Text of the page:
Freezing rain often causes major power outages. When the ice layer exceeds 0.2", tree limbs with branches heavily coated in ice can break off under the enormous weight and fall onto power lines. Windy conditions, when present, will exacerbate the damage. Power lines coated with ice become extremely heavy, causing support poles, insulators and lines to break. The ice that forms on roadways makes vehicle travel dangerous. Unlike snow, wet ice provides almost no traction, and vehicles will slide even on gentle slopes. Because freezing rain does not hit the ground as an ice pellet and is still a rain droplet when it makes contact with the ground, the freezing rain conforms to the shape of the ground, making one thick layer of ice, often called glaze. Because sleet is in pellet form it can be easily moved around, unlike freezing rain which is a continuous layer of ice and cannot be moved around.

Freezing rain and glaze measured on a large scale is called an ice storm. Effects on plants can be severe, as they cannot support the weight of the ice. Trees may snap as they are dormant and fragile during winter weather. Pine trees are also victims of ice storms as their needles will catch the ice, but not be able to support the weight.

One particularly severe ice storm struck eastern Canada and northern parts of New York and New England in January 1998; for details see 1998 Ice Storm.

A severe ice storm caused over $1 billion in damage in the Southern United States in February 1994, primarily in Mississippi, Tennessee, and Alabama.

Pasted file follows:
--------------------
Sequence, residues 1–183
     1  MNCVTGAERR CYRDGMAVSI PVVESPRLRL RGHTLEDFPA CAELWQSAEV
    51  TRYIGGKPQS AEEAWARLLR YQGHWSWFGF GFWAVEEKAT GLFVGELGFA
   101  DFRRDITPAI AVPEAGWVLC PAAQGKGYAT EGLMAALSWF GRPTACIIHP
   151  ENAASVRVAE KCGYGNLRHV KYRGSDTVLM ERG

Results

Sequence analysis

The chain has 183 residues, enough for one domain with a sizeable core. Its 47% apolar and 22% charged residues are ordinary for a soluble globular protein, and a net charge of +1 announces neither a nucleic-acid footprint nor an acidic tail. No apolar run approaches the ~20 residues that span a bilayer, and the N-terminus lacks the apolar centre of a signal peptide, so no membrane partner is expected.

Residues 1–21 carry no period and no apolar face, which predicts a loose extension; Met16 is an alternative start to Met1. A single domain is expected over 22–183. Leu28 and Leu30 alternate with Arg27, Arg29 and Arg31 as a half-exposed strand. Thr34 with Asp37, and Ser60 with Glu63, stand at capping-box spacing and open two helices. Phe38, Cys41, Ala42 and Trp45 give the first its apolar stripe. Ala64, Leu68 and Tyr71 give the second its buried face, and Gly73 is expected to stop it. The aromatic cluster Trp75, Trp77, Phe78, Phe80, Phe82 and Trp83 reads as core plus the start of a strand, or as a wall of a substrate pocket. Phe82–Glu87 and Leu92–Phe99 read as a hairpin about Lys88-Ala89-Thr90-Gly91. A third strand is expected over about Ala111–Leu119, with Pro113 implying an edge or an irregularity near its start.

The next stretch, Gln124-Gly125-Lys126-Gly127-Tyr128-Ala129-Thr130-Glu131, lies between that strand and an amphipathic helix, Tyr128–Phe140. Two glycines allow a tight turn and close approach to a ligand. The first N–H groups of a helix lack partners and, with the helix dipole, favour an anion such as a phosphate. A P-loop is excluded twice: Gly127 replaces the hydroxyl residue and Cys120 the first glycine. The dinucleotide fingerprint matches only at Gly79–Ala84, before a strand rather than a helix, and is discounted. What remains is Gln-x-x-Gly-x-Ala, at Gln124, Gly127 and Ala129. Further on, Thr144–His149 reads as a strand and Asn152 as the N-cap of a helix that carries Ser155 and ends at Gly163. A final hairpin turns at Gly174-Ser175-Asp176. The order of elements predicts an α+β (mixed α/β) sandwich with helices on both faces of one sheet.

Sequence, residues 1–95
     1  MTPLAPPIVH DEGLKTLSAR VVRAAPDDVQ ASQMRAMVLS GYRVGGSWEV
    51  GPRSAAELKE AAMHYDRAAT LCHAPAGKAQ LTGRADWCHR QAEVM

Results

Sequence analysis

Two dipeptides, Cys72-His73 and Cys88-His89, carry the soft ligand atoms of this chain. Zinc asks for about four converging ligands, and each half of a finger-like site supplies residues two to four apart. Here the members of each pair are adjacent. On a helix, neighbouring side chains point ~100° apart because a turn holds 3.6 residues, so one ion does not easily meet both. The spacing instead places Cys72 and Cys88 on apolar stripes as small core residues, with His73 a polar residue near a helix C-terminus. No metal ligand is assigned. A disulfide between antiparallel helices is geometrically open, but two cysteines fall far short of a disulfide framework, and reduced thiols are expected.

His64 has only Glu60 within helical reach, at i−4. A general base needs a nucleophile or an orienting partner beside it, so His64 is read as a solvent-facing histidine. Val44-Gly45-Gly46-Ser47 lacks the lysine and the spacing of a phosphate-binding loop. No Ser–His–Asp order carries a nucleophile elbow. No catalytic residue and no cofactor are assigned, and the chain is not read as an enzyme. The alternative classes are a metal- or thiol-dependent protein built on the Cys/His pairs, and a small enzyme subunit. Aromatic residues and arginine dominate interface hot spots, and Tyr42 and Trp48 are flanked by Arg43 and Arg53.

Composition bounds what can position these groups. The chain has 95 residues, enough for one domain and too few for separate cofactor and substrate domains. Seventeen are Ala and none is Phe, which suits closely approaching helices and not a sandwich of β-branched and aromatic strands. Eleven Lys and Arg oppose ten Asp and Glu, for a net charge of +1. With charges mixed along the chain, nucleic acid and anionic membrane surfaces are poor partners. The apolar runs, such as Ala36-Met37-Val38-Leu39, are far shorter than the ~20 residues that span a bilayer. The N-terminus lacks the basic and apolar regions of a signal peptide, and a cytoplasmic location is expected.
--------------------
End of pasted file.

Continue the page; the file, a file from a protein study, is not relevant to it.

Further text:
Freezing rain is also an extreme hazard to aircraft, as it causes very rapid structural icing. Most helicopters and small airplanes lack the necessary deicing equipment to fly in freezing rain of any intensity, and heavy freezing rain can overwhelm even the most sophisticated deicing systems on large airplanes. Icing can dramatically increase an aircraft's weight, and by changing the shape of its airfoils also reduce lift and increase drag. All three factors increase stalling speed and reduce aircraft performance, making it very difficult to climb or even maintain level altitude. Icing is most easily evaded by moving into warmer air — under most conditions, this requires aircraft to descend, which can usually be done safely and easily even with a moderate accumulation of structural ice. However, freezing rain is accompanied by a temperature inversion aloft, meaning that aircraft actually need to climb to move into warmer air — a potentially difficult and dangerous task with even a small amount of ice accumulation.

In 1994, American Eagle Flight 4184 encountered heavy air traffic and poor weather that postponed the arrival of this flight at Chicago's O'Hare International Airport, where it was to have landed en route from Indianapolis, Indiana. The ATR-72, a twin-engine turboprop carrying 68 people, entered a holding pattern 65 miles southeast of O'Hare. As the plane circled, freezing rain formed a ridge of ice on the upper surface of its wings, eventually causing the aircraft's autopilot to suddenly disconnect and the pilots to lose control. The ATR disintegrated on impact with a field below, killing everyone aboard.